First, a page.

Thank you cards

Potato chips give new meaning to greeting cards

It started with a bag of potato chips.

Four years ago, Michelle Roberts, 24, began collecting empty chip bags wherever she could find them. From Ruffles to Doritos and Humpty Dumpty to Lays, Roberts envisioned creating a stylish clutch purse from discarded bags.

“I went to a party last week and thank God they had chips. I was so creepy, I said, ‘I’m going to take these four dirty chip bags,’” she explained with a laugh.

From her original idea to create a purse, Roberts decided to expand her concept to include “upcycled” greeting cards.

“Upcycling is similar to recycling but it’s essentially repurposing items. It’s like taking old garbage and using it for something new and better,” she said.

Roberts, a fashion design graduate from Ryerson University, said her passion for upcycling led her to launch Machete, an online shop where she sells hand-crafted greeting cards made from used chip bags.

The creation of each greeting card involves several steps. First, the Toronto-based Roberts rinses the discarded chip bag until it’s free of any oily residue or crumbs. Then, she cuts it open and lays it flat. She uses a permanent marker to draw a shape, like hearts or stars, on the chip bag. She cuts out the shape and sews it onto a card. The cards come in a variety of vibrant colours and sizes. They are stamped with greetings like, “Thank you” and “I love you.”

Although the making of upcycled cards began as a creative outlet for Roberts, it led to a  personal revelation.

“When you cut open chip bags and you lay them flat, even five chip bags, is really, really thick and given how many chip bags everyone goes through it’s actually quite a bit of garbage,” Roberts said.

Chip bags are not biodegradable and cannot be recycled. Instead, they are disposed of in landfills, she explained.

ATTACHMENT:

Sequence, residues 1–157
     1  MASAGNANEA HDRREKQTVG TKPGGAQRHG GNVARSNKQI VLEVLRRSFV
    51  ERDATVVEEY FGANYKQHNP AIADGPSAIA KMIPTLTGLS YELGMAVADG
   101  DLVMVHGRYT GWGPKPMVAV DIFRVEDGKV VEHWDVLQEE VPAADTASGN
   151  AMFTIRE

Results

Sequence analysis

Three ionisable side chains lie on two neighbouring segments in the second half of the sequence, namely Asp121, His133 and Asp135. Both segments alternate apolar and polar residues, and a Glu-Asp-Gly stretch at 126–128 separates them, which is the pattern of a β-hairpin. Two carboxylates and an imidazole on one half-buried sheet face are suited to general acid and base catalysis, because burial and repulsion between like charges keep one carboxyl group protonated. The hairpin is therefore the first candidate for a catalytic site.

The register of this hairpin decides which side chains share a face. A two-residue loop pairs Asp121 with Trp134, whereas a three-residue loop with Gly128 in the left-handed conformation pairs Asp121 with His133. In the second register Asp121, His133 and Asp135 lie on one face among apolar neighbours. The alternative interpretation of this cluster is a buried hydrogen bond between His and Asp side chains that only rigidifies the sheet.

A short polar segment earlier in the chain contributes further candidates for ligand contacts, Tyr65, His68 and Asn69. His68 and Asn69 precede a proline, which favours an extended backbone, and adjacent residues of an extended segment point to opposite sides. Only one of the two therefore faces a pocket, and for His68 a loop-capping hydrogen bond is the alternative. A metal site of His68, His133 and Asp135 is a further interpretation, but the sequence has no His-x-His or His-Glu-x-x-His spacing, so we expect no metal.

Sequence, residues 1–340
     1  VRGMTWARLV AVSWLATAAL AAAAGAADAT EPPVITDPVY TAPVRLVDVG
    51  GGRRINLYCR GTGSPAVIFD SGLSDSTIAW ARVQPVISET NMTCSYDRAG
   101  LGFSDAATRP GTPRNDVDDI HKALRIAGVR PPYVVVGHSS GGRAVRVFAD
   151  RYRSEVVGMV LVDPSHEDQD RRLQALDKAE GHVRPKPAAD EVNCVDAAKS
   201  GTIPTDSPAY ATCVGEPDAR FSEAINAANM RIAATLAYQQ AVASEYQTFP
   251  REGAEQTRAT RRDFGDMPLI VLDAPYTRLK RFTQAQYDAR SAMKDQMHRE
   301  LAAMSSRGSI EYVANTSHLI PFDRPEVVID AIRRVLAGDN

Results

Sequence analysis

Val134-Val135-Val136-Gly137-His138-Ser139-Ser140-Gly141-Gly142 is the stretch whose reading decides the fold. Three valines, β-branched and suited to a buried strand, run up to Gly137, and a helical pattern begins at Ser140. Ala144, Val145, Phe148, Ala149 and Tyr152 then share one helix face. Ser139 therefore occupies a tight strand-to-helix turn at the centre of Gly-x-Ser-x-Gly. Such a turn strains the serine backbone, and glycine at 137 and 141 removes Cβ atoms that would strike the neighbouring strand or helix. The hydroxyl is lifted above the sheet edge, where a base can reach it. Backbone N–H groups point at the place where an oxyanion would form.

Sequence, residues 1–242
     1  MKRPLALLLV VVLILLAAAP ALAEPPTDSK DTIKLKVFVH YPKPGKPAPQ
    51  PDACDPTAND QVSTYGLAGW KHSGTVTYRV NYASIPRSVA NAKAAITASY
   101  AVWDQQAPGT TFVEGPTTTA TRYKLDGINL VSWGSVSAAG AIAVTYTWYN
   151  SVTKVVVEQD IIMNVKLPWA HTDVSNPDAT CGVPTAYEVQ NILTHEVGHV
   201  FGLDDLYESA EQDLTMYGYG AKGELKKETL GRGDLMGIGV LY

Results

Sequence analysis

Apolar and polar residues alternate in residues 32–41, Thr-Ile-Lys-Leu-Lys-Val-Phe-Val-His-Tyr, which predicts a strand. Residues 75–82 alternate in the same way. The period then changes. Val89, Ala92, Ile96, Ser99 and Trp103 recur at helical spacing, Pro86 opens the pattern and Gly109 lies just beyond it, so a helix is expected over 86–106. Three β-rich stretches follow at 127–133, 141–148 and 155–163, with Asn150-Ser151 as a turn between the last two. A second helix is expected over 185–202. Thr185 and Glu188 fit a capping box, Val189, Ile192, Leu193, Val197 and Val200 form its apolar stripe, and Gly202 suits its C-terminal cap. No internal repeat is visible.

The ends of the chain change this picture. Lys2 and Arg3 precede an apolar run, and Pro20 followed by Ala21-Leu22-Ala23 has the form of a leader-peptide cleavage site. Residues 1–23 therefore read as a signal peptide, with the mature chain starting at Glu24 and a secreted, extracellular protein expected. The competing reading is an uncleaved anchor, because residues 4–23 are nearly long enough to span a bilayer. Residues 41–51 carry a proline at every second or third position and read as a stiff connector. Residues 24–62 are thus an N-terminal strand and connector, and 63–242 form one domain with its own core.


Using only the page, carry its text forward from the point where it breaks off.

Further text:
According to the Ontario Ministry of the Environment website, every year almost 13 million tonnes of waste are produced in Ontario. In 2009, nine million tonnes of waste were sent directly to landfills. The website encourages consumers to reuse and reduce consumption of materials and packaging to limit the amount of waste in landfills.

Laura Langevin, eco-designer and co-founder of Echoes in the Attic, an eco-conscious store that sells upcycled handbags, said there is growing awareness of waste management and a trend among consumers and companies toward purchasing and producing eco-friendly products.

“We are taking what would go to landfills off that path and making it into bags,” Langevin said.

Roberts says her next step is to transform her brand into an online global identity. She plans on reaching out to people from different cities and countries via the web and asking them to send her their used chip bags.

“I think once people start collecting their own chip bags…they’d be shocked to see how many chips they eat,” Roberts said. “I recognize that globally we live a really busy lifestyle and I think it’s unrealistic to ask people to change their eating habits 180 degrees, but, at least this can bring conscientiousness to people [by highlighting] the nutritional value…and also the environmental impact of what they’re eating.”

For Roberts, her company, Machete, isn’t just about creative self-expression and promoting eco-conscious living, it’s also a candid reflection of her own desire to find out exactly how she can shape the world she lives in.

“Something that I really struggled with in the last couple months being fresh out of school is, ‘How am I going to make my mark on the world?’ That’s where this comes in. I have a creative outlet, which is super important for me personally and I really do appreciate that I am doing something positive for the environment,” Roberts said.

“This is super fun. I love doing this and it’s great. All the pieces of the puzzle fit together. It is great for the environment and I feel good doing it. Period. It’s that simple.”

Main photo courtesy of Michelle Roberts

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Western University: Faculty of Information & Media Studies

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